When someone you love is diagnosed with Alzheimer’s, it signals the beginning of a series of major life changes. In the early stages, Alzheimer’s patients may still be able to perform a variety of functions of daily living, such as eating, dressing, bathing, and toileting on their own. As the disease progresses, however, they will increasingly rely on caregivers to help them perform even the most basic tasks. As a caregiver, there are several things you can do to ease this transition and preserve your loved one’s dignity and comfort.
For people with Alzheimer’s, as well as for their caregivers, the loss of independence that accompanies the late stages of the disease is extremely challenging. Activities that were second nature – eating, walking, speaking, and even sitting up unassisted – often become difficult. As a caregiver, you may experience feelings of frustration or helplessness at this point. However, it’s important to remember that, although your loved one may no longer be able to communicate verbally, they can still experience pain, fear, and anxiety, as well as comfort, peace, and love. You can contribute to your loved one’s well-being by focusing on their sensory experience, and doing your best to provide pleasant sensations and alleviate discomfort. This can mean preparing favorite foods, providing gentle massage with fragrant lotions, sitting outside together on a sunny day, playing favorite music, or reading aloud. By focusing on their capacity to experience enjoyment, you can help to preserve your loved one’s dignity and sense of ease. When it comes to assisting them with activities like eating and bathing, take your time and use a gentle, soothing tone of voice. If you are patient and not in a rush, you can help your loved one to take part in their own care – for example, holding a spoon and feeding themselves.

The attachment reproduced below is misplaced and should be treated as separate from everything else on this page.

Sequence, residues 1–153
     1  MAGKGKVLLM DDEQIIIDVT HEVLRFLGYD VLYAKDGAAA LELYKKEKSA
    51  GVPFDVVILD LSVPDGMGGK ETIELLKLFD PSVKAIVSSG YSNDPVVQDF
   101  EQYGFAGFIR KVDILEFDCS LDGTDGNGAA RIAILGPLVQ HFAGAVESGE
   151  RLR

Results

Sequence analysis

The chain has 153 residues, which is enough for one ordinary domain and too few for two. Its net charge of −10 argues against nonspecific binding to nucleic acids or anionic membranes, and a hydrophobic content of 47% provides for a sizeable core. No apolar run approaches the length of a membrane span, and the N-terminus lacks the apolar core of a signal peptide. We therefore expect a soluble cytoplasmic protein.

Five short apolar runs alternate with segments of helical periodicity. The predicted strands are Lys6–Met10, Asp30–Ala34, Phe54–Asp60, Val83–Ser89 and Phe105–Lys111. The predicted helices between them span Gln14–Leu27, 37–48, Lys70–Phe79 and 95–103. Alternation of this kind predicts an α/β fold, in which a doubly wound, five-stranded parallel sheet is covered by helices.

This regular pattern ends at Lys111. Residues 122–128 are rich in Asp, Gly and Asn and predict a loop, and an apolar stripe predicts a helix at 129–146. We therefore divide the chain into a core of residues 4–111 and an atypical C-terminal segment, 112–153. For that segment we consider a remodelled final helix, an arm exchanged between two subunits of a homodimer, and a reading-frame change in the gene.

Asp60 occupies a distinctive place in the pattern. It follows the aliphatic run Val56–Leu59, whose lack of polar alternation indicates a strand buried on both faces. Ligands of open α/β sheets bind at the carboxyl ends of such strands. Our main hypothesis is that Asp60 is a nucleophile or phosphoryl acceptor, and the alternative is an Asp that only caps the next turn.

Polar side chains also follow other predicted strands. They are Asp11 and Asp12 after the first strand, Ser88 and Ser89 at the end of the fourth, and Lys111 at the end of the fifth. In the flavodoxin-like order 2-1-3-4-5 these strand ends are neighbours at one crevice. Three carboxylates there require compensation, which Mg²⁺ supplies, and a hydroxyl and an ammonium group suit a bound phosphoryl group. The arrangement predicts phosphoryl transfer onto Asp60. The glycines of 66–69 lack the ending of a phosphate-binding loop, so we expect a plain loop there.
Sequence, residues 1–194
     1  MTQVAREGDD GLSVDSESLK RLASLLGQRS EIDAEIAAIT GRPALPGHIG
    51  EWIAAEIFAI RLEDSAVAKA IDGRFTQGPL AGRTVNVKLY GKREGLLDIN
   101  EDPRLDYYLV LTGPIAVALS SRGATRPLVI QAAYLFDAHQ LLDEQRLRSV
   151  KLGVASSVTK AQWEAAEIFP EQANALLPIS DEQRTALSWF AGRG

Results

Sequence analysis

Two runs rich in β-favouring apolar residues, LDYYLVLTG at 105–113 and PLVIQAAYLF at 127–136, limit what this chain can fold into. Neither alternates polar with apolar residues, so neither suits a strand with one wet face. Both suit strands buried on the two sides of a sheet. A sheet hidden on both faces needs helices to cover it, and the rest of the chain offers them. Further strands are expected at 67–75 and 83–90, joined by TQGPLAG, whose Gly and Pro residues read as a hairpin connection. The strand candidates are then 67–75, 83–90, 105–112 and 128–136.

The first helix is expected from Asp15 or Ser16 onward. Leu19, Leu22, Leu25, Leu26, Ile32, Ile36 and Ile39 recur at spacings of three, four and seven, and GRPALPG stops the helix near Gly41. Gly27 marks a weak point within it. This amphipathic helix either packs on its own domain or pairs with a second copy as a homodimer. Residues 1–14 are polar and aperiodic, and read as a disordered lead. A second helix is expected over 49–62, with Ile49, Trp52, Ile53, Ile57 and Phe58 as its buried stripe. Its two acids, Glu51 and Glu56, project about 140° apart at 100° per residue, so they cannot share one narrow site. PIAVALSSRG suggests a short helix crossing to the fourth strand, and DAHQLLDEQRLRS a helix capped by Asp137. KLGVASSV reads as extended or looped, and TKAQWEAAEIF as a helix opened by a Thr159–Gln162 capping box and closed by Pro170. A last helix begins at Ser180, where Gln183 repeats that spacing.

Because many people in the late stages of Alzheimer’s lose their ability to speak, it can be difficult to tell if they are experiencing pain or discomfort. Because even slight illnesses and injuries can quickly take a turn for the worse during the late stages of Alzheimer’s, it’s vital to stay vigilant in observing your loved one’s non-verbal cues. Facial expression and body language – such as grimacing, wincing, or repeatedly touching an area of the body – can serve as clues that your loved one is in pain. Additionally, you can check for changes in appearance, such as skin coloration, rashes, bruises, or swelling, as well as changes in breathing and general affect.
Edison Home Health Care is happy to advise and assist you or any loved one who seek appropriate care of Alzheimer’s disease. Give us a call at 888-311-1142, or fill out a contact form and we will respond shortly.